““I cannot seem to make a motif more than four sides. My triangles are triangles and squares are squares. But when supposed to be five or more sides, mine end up round! What can I do?””

–Carol S.

Crocheters love motifs. Motifs are fun, great little projects to carry around, and quick to complete for that instant gratification. They also offer so much versatility in shape, color, and texture. The possibilities are endless.

But motifs can be tricky to work. And Carol, you are not alone in your quest to make those corners not turn out round. This is something I see with crocheters all the time. To be honest, for a long time motifs were a challenge for me. Turning a circle into a square, a triangle, an octagon, or any shape with corners baffled me. How to get those defined corners, every time? After many years crocheting and studying various types of motifs here’s what I’ve discovered.

One of the likely reasons your motif are coming out round and not with defined corners is because there are not enough stitches to go around the corner. If you don’t have enough stitches to elongate the corners, then the fabric will not be able to stretch to the points as needed. Another reason could be that you are not working in the corner stitch every time, which can cause your finished motif points to shift and to look misshapen.

Some things to try:

Maybe you are not working the corner stitches in the exact corner point. If following a pattern, use removable stitch markers to make your corner stitches. This way you have a clear visual of the exact stitch placement to work the next row/round of corner stitches into.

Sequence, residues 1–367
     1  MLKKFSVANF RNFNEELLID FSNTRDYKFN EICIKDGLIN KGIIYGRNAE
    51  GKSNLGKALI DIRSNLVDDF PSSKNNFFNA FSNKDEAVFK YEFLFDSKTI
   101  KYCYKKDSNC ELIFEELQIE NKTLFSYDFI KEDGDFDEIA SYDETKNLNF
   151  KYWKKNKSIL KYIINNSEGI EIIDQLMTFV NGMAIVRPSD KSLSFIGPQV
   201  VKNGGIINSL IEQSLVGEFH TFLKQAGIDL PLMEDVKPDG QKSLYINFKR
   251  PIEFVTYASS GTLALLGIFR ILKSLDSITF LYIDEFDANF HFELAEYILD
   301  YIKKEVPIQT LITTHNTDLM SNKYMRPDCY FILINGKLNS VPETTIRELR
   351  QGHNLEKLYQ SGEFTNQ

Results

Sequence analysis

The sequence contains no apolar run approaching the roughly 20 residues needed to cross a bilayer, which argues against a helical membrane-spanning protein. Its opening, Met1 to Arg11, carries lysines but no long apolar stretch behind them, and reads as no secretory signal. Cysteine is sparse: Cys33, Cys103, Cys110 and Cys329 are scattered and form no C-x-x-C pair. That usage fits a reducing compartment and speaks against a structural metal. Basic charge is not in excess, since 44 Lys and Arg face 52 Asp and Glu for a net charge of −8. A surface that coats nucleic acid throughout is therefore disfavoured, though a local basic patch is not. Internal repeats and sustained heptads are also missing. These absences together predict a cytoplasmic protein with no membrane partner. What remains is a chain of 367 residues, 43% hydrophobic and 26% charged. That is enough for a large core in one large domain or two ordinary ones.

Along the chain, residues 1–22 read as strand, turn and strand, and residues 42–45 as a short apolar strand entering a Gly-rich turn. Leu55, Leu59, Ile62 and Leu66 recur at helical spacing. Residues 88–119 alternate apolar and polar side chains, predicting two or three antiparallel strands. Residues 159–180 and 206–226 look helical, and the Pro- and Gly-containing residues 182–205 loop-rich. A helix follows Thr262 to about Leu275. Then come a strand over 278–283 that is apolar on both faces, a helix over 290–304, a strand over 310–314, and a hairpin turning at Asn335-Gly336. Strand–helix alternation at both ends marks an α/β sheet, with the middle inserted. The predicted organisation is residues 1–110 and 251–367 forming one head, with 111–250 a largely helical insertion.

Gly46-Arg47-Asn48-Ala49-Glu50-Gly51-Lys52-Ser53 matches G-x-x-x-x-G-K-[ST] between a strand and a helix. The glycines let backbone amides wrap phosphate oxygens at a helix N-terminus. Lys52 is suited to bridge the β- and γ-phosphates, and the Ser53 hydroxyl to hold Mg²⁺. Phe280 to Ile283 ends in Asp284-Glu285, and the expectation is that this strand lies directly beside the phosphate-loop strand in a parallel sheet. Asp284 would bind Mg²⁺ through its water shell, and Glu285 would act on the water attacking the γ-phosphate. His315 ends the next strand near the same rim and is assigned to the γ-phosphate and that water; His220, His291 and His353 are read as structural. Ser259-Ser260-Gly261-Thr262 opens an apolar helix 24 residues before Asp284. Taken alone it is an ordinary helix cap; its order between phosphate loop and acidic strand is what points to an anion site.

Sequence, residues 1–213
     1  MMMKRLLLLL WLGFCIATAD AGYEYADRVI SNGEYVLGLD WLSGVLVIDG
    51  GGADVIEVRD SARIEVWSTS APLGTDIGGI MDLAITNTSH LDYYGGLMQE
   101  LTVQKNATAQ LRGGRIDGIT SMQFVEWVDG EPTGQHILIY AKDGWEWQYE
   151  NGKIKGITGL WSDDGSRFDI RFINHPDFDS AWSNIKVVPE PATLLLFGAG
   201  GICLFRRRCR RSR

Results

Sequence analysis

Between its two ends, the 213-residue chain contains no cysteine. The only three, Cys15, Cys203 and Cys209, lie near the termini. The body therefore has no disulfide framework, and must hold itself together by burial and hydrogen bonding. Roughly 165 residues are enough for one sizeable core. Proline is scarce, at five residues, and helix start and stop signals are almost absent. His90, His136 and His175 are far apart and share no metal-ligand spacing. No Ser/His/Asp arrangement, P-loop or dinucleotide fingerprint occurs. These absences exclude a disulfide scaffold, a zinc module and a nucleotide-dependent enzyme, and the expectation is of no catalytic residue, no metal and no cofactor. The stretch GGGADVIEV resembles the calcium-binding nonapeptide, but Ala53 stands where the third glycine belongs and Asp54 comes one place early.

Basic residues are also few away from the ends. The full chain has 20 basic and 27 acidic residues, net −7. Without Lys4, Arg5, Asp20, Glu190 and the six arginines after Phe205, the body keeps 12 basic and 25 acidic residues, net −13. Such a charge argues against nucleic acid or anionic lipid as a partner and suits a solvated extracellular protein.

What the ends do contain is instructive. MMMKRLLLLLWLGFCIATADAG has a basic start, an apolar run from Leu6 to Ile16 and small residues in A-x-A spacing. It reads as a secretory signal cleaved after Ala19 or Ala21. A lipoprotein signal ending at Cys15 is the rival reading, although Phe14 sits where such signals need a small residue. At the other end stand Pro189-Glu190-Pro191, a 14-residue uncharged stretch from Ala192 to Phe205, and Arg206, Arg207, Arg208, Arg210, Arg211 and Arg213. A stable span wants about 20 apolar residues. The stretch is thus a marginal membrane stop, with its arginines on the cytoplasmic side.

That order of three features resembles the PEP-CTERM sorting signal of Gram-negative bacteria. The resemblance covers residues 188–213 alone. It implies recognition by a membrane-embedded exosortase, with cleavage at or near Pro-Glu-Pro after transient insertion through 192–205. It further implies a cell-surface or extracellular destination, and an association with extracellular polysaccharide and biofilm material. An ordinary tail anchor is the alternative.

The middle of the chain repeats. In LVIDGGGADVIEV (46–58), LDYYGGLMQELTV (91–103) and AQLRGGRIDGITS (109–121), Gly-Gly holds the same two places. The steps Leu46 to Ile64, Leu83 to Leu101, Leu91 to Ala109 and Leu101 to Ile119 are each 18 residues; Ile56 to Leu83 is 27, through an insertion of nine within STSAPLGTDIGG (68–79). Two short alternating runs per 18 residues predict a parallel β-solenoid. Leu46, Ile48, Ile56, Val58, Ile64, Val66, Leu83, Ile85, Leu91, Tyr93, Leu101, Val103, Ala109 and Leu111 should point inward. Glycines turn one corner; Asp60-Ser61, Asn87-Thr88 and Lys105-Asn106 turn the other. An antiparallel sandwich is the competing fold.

If you are working in the corners but still getting curve edges, maybe there are not enough stitches being worked. Three techniques I use are: 1) increase stitches separated by chain stitches, 2) gradual increase and decrease in stitch height, and 3) blocking out the corner points.


1) With the “increase stitches separated by chain stitches” technique your corners are formed by working a few stitches in the corner with a chain (or 2) in the center.

Some examples of how to work the corner stitches: (sc, ch 1, sc), (2 dc, ch 1, 2 dc), (3 tr, ch 2, 3 tr).


2) With the “gradual increase and decrease in stitch height” method, start with the shortest stitch, then gradually increase the stitch height to the apex, then descent back to the shortest stitch.

An example of how to work this type of corner is: (sc, hdc, dc, hdc, sc) in same stitch.


3) Finally, wash and block the motif, pinning out the points will further help the corners to stand out.

Give these tips a try on your next motif and see how much more defined your motif corners can be. yarn ball


  • Doris G.

    Carrie whipped, this sounds like your tension may not be equal at all times. Many of us have problems with this, I use the rap around the fingers method, look on you tube to see different ways to hold your yarn. Hope it is okay to recommend you tube. My Gramdmother showed me how, if you have a knit shop or a local crafting shop or group meetings, these are wonderful ways to perfect your craft but meet others of a same mind.

  • Carrie W.

    I am having trouble keeping an oval placement always the same size. Can you send me a pattern for a simple double crochet oval placement?
    Much appreciated.

  • When you are increasing to make a circle, if you increase in the same spots each time you will end up with a hexagon or whatever depending on how many increases you make per round..


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